Numerous cases in the public domain demonstrate that such individuals cause concern for safety among laypersons and law enforcement, and these individuals are then transported to EDs for mental health evaluations. (Bennington Banner. Jan. 3, 2013, http://bit.ly/2ZokgSL; Jan. 30, 2013, http://bit.ly/2L1sCXc; and Nov. 5, 2014, http://bit.ly/2NtTrWM; and VTDigger. Dec. 18, 2018; http://bit.ly/2NolJ5b.)
The incidence of these cases is unknown, and certainly many more may not be reported due to confidentiality concerns. Emergency physicians in these situations are explicitly challenged with the responsibility of determining how such behaviors with a firearm contribute to clinical status and whether firearm access paired with negative behaviors indicate an unstable mental or physical condition in need of treatment.
We emergency physicians require clarity about our role and accountability in these circumstances. We have legal, ethical, and professional obligations to protect individual and public safety when we are concerned that a patient under our care may pose a threat to himself or others. HIPAA permits disclosure of protected health information without consent when providers believe that such disclosure is “necessary to prevent or lessen a serious and imminent threat to the health or safety of a person or the public.” (Health & Human Services Regulations, 164.512 [j][i][A]. 5 Jan 2001; http://bit.ly/2TZ0gkD.) In situations where patients do not explicitly endorse an intention to harm themselves or others, clinical concerns about serious and potential bodily harm may fall below the reporting thresholds permitted by HIPAA, which precipitates a dilemma between safety and compliance.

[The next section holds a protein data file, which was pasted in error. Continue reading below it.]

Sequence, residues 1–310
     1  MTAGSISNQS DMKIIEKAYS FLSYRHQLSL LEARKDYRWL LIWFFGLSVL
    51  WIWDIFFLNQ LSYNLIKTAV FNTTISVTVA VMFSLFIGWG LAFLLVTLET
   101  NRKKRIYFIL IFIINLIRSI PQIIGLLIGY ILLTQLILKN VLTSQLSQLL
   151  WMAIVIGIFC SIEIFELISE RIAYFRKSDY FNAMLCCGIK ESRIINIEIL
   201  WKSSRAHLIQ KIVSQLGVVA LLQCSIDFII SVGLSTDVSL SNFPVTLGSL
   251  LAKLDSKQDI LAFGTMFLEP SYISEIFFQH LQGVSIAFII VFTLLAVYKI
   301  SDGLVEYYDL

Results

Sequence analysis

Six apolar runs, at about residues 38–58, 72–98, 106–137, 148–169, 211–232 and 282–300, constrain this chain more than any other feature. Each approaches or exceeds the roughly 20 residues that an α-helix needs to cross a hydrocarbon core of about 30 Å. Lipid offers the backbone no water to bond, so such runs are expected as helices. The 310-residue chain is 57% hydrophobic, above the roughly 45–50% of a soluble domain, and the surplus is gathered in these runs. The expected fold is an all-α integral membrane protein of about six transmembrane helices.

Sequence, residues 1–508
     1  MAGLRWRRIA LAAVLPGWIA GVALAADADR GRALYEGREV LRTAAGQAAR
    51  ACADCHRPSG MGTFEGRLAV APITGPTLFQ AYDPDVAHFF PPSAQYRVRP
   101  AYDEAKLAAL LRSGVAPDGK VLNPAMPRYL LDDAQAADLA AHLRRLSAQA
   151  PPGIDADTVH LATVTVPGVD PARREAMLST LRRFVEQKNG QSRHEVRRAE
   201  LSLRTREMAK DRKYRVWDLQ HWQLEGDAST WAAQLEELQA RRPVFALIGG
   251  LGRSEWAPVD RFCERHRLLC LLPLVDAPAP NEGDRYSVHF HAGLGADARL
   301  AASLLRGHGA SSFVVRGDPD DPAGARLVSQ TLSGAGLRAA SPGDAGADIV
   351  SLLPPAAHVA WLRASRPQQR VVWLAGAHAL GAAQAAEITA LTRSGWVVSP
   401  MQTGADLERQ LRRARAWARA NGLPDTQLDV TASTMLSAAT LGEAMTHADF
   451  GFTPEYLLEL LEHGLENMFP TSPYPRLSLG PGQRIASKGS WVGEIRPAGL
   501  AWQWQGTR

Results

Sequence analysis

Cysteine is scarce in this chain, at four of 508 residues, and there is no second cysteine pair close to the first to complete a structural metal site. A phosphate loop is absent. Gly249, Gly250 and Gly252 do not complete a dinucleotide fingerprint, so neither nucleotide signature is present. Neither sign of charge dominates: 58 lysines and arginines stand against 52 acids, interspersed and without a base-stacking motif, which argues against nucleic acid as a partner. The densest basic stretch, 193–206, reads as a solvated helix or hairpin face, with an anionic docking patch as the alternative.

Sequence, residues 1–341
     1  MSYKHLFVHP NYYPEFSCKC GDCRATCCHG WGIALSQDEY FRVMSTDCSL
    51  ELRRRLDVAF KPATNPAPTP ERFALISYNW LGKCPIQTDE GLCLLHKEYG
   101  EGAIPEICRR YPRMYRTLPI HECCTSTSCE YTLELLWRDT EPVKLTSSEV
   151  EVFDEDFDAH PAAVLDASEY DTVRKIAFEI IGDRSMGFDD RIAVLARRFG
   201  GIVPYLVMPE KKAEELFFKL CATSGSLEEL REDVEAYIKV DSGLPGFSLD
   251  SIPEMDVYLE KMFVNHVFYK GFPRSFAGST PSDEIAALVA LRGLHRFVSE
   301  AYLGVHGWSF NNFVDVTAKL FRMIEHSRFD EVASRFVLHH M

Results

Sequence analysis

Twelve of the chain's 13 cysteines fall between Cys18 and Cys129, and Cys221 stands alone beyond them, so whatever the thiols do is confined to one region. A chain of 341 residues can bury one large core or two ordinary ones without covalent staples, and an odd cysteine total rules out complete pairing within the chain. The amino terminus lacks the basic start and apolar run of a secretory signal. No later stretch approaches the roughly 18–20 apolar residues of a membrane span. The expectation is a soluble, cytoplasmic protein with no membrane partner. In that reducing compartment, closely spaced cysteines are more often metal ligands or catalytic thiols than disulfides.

No professional guidelines exist for evaluating firearm access among acute care patients despite the fact that access possibly contributes to the clinical estimation of risk. There are also no guidelines to advise us how to diminish the risk of firearm violence when present. The treating physician must weigh the dynamics of risk v. protective factors that can influence individuals toward or away from violence even though that is not a common component of emergency medicine training.